Personal Responsibility, Corporate Style: A Lesson from Johnson & Johnson

An item from a few days back that State House followers might have missed:

Last Monday, U.S. Attorney General Eric Holder and Massachusetts Attorney General Martha Coakley announced that the pharmaceutical giant Johnson & Johnson agreed to settle charges that it had encouraged physicians and pharmacies — through direct payments and kickbacks –to prescribe and promote drugs for uses that had not been approved as safe or effective.

Among the drugs illegally promoted by Johnson & Johnson was Risperdal. Although Risperdal had been approved only for treating patients with schizophrenia, Johnson & Johnson established a special sales force to sell the drug in nursing homes, touting its ability to control disruptive behaviors like agitation and impulsiveness in elderly patients with dementia, while declining to disclose that the drug could also cause serious health problems — including an increased risk of strokes — in those patients.

Under the settlement, Johnson & Johnson will pay $2.2 billion in fines and penalties, $62.5 million to Massachusetts. That $62.5 million is only a fraction of the money the state paid in false claims for Risperdal. And it’s only a fraction of the profit — $28.9 billion — that Johnson & Johnson has made on Risperdal. And none of that settlement money goes to the families whose loved ones were given Risperdal and experienced health problems as a consequence – they are on their own.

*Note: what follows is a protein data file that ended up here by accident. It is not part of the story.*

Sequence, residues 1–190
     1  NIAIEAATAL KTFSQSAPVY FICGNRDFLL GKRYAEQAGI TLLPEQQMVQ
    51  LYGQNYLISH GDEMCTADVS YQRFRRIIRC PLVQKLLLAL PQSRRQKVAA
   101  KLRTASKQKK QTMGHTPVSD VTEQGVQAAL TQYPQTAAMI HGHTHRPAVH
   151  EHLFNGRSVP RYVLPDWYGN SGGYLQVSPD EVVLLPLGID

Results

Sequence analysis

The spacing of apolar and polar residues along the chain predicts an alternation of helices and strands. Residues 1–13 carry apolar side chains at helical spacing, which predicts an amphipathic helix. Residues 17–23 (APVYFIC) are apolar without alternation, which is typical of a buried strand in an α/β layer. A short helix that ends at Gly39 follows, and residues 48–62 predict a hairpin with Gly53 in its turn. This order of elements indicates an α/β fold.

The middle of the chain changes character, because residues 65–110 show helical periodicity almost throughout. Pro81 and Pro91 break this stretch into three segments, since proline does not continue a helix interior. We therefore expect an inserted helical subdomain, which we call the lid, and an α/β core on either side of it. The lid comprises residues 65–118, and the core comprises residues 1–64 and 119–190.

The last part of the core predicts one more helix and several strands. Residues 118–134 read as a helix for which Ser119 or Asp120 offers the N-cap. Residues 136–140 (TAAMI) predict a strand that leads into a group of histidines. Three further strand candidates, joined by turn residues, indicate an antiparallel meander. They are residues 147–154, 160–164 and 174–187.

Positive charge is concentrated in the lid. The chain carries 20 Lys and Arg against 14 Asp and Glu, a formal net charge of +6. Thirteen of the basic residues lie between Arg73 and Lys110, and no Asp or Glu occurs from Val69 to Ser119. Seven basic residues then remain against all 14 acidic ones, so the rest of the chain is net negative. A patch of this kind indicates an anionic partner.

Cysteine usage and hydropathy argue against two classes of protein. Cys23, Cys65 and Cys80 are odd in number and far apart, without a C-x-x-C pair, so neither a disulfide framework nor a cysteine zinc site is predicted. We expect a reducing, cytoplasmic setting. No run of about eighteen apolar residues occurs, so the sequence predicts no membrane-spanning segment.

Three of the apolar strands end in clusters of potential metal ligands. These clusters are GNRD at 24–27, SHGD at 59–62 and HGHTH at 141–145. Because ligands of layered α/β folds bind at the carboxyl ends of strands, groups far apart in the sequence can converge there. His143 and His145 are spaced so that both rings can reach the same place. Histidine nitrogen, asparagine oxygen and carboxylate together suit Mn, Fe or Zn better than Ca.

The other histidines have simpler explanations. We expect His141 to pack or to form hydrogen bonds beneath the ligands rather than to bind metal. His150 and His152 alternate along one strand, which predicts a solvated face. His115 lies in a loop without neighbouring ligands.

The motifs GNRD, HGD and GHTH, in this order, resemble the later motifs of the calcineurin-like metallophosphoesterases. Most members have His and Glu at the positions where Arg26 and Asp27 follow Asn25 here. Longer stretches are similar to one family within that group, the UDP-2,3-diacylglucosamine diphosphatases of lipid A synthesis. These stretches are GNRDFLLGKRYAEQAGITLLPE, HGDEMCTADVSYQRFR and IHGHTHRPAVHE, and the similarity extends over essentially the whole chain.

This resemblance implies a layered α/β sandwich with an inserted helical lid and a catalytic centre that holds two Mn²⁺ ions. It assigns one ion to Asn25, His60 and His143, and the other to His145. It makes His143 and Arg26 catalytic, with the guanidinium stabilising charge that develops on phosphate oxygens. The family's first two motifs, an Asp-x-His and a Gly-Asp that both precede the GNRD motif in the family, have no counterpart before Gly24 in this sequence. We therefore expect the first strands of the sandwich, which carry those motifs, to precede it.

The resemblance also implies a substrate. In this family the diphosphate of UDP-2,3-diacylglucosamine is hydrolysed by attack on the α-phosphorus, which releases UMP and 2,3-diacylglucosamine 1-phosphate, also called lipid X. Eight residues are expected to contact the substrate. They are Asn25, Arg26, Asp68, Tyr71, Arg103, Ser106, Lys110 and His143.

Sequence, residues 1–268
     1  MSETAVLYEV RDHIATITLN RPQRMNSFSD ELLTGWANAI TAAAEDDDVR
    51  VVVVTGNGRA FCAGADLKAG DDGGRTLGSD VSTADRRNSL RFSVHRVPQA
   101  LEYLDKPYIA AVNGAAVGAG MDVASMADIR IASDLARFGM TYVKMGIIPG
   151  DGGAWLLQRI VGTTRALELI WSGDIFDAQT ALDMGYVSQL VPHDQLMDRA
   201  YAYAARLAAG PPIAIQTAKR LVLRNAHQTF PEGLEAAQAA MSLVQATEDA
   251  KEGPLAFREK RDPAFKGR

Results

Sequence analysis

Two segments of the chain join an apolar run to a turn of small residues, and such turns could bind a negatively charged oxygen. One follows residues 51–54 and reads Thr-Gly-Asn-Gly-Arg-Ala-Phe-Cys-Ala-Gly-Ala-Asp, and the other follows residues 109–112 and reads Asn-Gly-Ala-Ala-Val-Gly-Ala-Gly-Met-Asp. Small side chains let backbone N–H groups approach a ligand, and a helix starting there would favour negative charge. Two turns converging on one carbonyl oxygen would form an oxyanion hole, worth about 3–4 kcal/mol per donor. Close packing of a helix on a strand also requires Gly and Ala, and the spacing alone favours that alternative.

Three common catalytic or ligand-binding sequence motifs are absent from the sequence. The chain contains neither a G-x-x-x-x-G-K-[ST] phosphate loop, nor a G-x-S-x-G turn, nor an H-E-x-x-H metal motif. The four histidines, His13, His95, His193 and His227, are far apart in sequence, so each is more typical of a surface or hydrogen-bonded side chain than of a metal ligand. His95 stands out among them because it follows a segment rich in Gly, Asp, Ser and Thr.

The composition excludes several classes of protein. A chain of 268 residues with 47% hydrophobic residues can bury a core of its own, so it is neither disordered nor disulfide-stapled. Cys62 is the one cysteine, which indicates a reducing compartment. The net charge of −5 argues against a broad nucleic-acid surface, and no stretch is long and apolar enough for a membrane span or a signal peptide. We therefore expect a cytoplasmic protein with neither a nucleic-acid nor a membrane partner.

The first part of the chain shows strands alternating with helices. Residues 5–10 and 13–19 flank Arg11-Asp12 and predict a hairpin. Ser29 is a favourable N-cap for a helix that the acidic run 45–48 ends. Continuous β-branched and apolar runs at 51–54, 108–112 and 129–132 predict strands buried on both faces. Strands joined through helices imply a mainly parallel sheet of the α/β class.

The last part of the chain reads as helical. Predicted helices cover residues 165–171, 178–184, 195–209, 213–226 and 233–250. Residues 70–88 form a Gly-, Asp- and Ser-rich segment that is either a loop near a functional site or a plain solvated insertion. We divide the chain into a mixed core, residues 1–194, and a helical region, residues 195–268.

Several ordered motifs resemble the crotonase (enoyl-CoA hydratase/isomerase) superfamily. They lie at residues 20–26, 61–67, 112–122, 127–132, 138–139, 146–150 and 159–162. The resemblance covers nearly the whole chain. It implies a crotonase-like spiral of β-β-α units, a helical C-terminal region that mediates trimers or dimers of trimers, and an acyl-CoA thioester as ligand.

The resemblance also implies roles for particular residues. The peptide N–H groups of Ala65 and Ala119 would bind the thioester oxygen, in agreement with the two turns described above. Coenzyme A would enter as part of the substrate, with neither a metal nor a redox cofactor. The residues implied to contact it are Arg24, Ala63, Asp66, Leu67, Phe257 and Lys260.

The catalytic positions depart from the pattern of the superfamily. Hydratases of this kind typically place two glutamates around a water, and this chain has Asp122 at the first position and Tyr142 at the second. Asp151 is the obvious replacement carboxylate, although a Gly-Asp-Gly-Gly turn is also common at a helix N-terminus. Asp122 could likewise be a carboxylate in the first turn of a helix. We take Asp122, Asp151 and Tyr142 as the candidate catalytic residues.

As it happened, on the day of the Risperdal announcement, members of the House of Representatives were busy crafting amendments to the welfare bill that House leadership had put forward. Busiest, as usual on the subject of welfare, were the members of the minority party, always deeply concerned to find and thwart those who, according to the press release of Deputy Sheriff Shaunna O’Connell, would “game the system and abuse the trust of Massachusetts citizens.” The very, very few people (7/10’s of one percent of recipients) who have what the Republicans regard as suspiciously high balances on their EBT cards remain on their most-wanted list of those who need to learn “personal responsibility.” (If you’re interested, the average balance among the 550,000 households who receive assistance through EBT cards is $45.)

In commenting on the Risperdal settlement, the Johnson & Johnson spokesperson was at pains to emphasize that only one criminal charge had been entered and that charge was entered against the company, not against any one individual. Indeed, the person in charge of marketing when the drug was being actively and improperly promoted for geriatric patients, Alex Gorsky, is now the company’s chief executive.

In other words, at Johnson & Johnson, there may have been corporate misconduct, but there was certainly no personal responsibility.

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